became unconscious. It was further alleged that the accused
committed sexual intercourse with her. He continued to have
physical relations with her on the promise of marriage. It was in
March 2013, the accused refused to marry her, that the complaint
was lodged by the petitioner under Section 376/328 IPC. The
accused was arrested on 07.09.2013 and was granted bail by the
learned ASJ vide order dated 13.11.2014. Hence, the present
petition.

3. The learned counsel for the petitioner contended that the Trial
Court has erred in passing the order dated 13.11.2014 as the same
is based on conjectures and surmises; that on 26.05.2014, the
accused/respondent no.2 had paid a sum of Rs. 7,10,000 to the
prosecutrix on the false pretext of marriage, in pursuance to change
of her statements and also obtained signatures of the petitioner on
the typed affidavit; that the said money was taken back by them on
02.06.2014 but the signed affidavit was not returned to her; that on
31.10.2014, the said affidavit was misused by him by presenting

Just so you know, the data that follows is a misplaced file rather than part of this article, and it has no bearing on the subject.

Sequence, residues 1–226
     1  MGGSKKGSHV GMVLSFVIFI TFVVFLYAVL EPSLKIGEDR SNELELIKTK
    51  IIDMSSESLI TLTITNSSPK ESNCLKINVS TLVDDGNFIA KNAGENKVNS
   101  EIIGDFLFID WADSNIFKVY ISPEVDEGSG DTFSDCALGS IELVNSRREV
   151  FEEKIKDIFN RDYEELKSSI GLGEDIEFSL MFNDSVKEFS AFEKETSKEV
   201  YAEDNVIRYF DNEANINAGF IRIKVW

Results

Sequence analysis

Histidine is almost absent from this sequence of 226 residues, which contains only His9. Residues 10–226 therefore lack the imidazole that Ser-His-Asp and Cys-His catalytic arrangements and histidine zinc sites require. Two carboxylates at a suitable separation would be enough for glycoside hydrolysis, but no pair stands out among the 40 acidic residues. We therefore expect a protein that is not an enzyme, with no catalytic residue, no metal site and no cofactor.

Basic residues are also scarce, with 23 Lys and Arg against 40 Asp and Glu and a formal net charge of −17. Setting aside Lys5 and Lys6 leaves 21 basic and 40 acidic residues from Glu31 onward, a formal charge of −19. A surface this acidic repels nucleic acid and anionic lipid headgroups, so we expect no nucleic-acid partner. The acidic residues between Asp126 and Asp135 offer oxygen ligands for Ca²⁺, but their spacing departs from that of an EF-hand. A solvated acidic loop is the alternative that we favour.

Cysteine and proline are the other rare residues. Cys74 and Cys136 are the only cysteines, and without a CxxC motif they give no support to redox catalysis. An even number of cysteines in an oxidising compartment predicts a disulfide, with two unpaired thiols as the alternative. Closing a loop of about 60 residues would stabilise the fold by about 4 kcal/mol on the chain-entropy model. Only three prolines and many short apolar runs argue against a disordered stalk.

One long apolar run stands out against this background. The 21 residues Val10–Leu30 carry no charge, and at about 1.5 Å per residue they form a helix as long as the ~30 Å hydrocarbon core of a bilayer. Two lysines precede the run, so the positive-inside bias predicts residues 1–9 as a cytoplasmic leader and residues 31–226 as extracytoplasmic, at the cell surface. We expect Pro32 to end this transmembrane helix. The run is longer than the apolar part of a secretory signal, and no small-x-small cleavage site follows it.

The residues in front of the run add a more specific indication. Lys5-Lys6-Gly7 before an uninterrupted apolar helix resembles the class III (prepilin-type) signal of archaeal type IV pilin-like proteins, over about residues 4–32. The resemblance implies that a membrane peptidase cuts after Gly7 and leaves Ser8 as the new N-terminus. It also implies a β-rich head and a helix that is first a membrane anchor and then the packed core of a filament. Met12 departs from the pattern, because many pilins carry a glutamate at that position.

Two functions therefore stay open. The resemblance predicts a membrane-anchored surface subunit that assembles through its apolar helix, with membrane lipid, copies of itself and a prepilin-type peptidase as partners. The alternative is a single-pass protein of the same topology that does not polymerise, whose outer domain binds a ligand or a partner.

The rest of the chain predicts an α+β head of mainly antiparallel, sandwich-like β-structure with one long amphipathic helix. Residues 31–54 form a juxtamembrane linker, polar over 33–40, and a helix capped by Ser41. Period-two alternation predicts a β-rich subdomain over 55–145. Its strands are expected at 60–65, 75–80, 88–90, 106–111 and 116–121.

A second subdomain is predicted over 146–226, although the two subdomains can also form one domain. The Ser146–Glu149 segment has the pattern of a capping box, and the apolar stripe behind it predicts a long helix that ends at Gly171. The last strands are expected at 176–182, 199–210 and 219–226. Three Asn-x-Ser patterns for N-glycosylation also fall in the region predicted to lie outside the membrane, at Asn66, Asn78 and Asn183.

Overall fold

the same in the concerned court and on that pretext application for
interim bail was moved by him in the court; that on 13.11.2014,
regular bail was granted by the Trial Court, though the application
for grant of interim bail for 2 months was moved on behalf of the

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respondent no.2; that after the grant of the regular bail to the
respondent no.2, the petitioner was threatened by him and on
account of which the complaint was lodged by her 10/11.12.2014
and also furnished the necessary details to the police officials.

4. Per contra, the learned counsel for the respondent no.2 contended
that the accused/respondent no. 2 has been falsely implicated in
this case; that the petitioner and the respondent no. 2 were in